Home / Photography Tips / Understanding Light - an exercise.

Understanding Light - an exercise.

 12th Apr 2012


understanding light

How do you know what light’s appropriate and what’s not? I mean surely light doesn’t make that much difference does it?

Yes it does - and we have two great videos Good Light 1 and Good light 2 where I'll explain and demonstrate this in more detail.

And here’s an exercise from part of one of the videos to help see what I mean. (You can watch me doing it in Good Light 2).

Please take the time to do this because I can tell you how to do things all day long, but you won’t be able to do it yourself unless you practice it ­ possibly several times over. It doesn’t matter what the pictures look like for now, we’re not looking for a masterpiece we’re looking for knowledge because knowledge IS power.

Understanding light will affect your images before you even take them. When you do understand light you’ll always shoot amazing pictures in the right light.

These trees for example look dull and lifeless without the shaft of light on them and I had to wait almost an hour and a half before one came along in just the right place for me to get the shot. With landscape you have to be patient!

OK ­ the exercise. This works best on a bright sunny day preferably mid morning or mid afternoon, not with the sun directly overhead.

  1. Get yourself something small and portable that you can use to support some household items, and arrange them into a still life. A plastic garden table, kitchen stool etc will work fine.
  2. Put together a still life with something translucent or clear, something hard, and something soft with subtle textures. I used a Lily, wine bottle and some pebbles but you could use a child’s doll, a coffee mug and beer bottle for example.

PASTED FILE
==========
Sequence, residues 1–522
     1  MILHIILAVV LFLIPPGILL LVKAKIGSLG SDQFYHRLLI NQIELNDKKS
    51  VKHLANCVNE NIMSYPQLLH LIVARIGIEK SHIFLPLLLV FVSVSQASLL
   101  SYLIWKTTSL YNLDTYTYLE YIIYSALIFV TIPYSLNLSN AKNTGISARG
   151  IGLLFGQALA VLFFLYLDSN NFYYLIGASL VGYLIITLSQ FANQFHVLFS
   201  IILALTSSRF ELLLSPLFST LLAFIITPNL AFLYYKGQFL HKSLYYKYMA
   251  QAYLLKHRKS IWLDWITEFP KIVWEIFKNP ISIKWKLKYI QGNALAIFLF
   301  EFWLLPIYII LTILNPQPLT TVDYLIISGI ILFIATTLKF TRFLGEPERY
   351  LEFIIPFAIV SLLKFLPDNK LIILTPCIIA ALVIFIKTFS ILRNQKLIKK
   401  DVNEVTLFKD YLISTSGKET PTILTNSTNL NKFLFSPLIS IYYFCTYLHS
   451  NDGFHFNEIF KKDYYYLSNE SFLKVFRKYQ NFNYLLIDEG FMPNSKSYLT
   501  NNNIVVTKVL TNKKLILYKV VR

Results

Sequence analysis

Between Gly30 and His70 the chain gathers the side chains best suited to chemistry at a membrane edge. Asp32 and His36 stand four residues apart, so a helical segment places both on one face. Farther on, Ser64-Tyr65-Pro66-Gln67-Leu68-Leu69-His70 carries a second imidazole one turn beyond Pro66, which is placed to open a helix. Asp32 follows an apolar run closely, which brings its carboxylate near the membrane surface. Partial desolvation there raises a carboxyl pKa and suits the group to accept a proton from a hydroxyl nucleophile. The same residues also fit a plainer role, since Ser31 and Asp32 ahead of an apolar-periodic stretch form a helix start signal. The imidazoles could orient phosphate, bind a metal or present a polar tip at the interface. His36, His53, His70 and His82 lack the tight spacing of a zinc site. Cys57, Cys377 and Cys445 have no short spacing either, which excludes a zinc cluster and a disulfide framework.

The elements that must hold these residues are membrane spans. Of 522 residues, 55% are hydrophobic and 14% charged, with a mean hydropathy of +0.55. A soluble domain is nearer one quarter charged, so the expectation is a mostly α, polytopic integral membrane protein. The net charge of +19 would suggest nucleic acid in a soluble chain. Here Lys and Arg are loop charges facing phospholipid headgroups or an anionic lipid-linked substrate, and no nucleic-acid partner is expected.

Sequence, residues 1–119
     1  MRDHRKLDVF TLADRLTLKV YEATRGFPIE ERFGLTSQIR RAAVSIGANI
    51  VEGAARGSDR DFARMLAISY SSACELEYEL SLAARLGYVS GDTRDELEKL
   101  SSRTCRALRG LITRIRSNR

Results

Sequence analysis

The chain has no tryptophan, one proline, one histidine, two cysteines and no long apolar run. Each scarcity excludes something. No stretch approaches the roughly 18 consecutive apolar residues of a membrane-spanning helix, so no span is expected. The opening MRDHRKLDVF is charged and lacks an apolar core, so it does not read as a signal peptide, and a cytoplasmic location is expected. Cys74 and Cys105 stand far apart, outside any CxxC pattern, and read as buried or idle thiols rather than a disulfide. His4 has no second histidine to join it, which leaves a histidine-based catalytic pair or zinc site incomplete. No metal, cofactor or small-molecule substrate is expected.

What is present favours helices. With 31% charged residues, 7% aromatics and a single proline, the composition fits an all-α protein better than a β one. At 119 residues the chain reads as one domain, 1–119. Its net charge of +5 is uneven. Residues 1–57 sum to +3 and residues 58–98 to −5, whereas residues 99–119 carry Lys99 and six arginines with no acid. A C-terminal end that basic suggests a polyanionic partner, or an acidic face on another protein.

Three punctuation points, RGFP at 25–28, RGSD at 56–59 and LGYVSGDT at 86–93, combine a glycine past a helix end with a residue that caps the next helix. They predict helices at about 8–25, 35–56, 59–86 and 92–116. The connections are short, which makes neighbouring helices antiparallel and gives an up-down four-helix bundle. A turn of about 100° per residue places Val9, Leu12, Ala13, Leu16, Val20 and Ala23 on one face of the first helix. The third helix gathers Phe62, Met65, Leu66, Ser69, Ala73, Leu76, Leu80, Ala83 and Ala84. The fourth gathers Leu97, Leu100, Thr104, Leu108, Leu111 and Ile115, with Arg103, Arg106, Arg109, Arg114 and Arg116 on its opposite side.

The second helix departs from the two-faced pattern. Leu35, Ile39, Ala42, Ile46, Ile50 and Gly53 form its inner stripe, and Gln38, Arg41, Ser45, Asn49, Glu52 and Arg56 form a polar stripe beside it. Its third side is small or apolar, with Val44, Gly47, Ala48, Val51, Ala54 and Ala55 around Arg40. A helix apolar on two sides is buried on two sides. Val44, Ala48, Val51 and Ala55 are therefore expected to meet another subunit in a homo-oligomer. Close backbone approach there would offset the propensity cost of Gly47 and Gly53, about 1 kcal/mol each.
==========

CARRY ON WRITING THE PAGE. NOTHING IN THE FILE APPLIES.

3. Place the items in the sun and photograph them with the sun coming over one of your shoulders
  4. Turn the still life around so the sun’s behind them and photograph them looking straight into the sun. Be careful with your exposure because the back light might make your camera underexpose. If so you’ll need to over expose until it looks the same as the last shot.
  5. Repeat the process with your items in the shade and you facing into the shade.
  6. Keep the items in the shade but you go behind them and shoot towards the light

Keep a record of which shots were taken in which lighting conditions so that when you compare them you can not only see how the light has affected the way they look, you will know what the light was doing when you took it - ­ direct sun in front, behind, from the side in shade, etc.

Here are some images I took when I did this exercise for one of our Finding Good Light videos. If you’d like to see where and how I did this, click the links to the videos at the top.

understanding sunlight and shade

The first image was taken in direct sunlight coming from behind me - the second was taken in shade. Notice how much nicer the flower looks in the second one.



Image on the left taken in shade with light coming in from the left through an archway. Image on the right also in shade but with light coming from the right and from behind. Look how much more detail there is in the petals, the stones and the rim light around the bottle.

To get beautiful amazing images you have got to understand light and how it works so once again go and have a go at this. If you're not one of our video members already why not join us because this is just a tiny part of the kind of learning we offer.


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